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THE CITY Weekly Review: Mold, Solitary Confinement And IDNYC Banking Chips

(THE CITY) September 16, 2019

Dear New Yorkers,

Hello again. Before we get to the five stories you may have missed last week, we wanted to thank you for the ideas you shared on how we should cover elections and, more specifically, primaries. A common theme was that we should provide some very basic, service journalism.

Here are some examples of comments:

    • “I think that the news community needs to educate people on the basic structure of city government by providing clarity on the various types of elections, roles, timing, proposition, who votes when.”
    • “Most people do not know what the duties, and powers of the DA of their borough are, nor how these people and their staffs can affect the life of a borough resident.”
    • “I think making information about how to vote absentee (either by mail or in person if you’re unavailable on Election Day) more accessible could be helpful.”

If you want to add anything, let us know. Email newsletters@thecity.nyc or reply to this email.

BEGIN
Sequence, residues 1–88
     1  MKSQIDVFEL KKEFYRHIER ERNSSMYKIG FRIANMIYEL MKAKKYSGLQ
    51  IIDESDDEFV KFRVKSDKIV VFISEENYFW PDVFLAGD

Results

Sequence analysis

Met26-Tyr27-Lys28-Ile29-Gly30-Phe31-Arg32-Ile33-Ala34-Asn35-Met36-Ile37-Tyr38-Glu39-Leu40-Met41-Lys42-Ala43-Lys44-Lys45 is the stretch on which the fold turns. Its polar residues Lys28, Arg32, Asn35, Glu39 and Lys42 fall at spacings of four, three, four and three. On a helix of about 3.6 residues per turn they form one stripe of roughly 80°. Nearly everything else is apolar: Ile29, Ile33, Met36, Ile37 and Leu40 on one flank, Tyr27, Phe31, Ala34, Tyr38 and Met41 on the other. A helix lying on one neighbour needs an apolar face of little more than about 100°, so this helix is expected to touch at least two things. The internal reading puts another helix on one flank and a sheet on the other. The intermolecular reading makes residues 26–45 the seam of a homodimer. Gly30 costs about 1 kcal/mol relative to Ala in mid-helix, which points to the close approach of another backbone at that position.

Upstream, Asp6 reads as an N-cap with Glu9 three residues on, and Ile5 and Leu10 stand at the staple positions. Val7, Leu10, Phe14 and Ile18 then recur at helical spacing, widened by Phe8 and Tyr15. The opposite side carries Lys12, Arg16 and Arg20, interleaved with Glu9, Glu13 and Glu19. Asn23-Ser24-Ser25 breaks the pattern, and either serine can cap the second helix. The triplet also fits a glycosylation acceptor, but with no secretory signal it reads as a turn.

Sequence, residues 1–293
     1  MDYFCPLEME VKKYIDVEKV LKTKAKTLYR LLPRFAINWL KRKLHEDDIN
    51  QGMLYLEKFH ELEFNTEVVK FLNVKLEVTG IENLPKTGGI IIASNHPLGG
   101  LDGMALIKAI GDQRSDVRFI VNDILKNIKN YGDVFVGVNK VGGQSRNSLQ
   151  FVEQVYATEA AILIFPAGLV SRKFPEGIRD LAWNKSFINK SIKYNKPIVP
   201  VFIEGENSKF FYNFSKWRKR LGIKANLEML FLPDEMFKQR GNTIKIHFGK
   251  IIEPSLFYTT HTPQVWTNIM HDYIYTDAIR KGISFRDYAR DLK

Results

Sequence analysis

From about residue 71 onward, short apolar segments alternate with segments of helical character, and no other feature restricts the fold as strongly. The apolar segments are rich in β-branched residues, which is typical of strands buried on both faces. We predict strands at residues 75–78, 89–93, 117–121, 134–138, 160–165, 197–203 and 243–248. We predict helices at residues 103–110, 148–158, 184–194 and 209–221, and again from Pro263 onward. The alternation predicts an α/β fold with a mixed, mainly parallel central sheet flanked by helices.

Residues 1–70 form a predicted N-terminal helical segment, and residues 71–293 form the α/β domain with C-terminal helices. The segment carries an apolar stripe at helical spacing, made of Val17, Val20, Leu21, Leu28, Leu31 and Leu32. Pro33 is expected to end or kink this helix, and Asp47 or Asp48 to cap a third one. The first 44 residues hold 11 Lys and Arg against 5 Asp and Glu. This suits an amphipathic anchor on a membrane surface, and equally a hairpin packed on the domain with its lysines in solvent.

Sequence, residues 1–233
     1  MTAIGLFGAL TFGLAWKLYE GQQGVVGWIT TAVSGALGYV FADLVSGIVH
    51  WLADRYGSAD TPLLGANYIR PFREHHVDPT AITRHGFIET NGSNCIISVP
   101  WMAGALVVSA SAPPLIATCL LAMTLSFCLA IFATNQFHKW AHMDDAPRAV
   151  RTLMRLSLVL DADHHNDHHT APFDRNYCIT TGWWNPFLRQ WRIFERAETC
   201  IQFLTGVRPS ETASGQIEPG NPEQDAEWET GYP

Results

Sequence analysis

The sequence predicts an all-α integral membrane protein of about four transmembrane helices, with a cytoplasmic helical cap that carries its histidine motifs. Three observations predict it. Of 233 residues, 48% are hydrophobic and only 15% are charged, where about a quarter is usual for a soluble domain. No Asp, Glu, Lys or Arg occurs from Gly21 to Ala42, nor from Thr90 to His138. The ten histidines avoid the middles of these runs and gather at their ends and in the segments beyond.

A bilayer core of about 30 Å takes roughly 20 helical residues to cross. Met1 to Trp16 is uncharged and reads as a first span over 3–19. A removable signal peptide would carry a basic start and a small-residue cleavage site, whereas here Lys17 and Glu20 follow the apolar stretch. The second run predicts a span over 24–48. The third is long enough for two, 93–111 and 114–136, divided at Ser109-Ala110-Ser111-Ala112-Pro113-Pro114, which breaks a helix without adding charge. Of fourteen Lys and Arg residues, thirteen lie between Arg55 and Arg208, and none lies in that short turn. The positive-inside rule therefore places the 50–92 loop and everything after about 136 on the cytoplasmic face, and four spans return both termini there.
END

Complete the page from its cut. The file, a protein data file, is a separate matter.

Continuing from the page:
Here are those five stories you may have missed last week:

    • While Staten Island awaits a 4.5-mile seawall and Lower Manhattan has a $1.3 billion plan to protect its east side from floods, rebuilding is on tap for parts of Brooklyn still vulnerable to rising waters. The city wants to buy *13 properties* ravaged by Sandy and build elevated one-or-two family homes on the lots.
    • The Board of Correction, which oversees city jails, won’t present its plan to overhaul solitary confinement rules until next month — and won’t vote on changes until at least December. That’s a blow to advocates pushing to strictly limit or outright ban the practice in the wake of Layleen Polanco’s June 7 death on Rikers Island.
    • The de Blasio administration has said it wants to put banking chips in all new IDNYC cards by next year. But pushback intensified last week as immigration, civil liberties and consumer groups decried the effort — warning that the privacy and security risks of adding a smart chip to the municipal identification cards would “outweigh any purported benefits.” Meanwhile, City Councilmember Carlos Menchaca introduced a bill to block the use of these banking chips.

Thanks for reading. Enjoy your Sunday. Talk to you tomorrow.

Love,
THE CITYSource: https://mailchi.mp/thecity/daily_190408-88927?e=db77ae1a16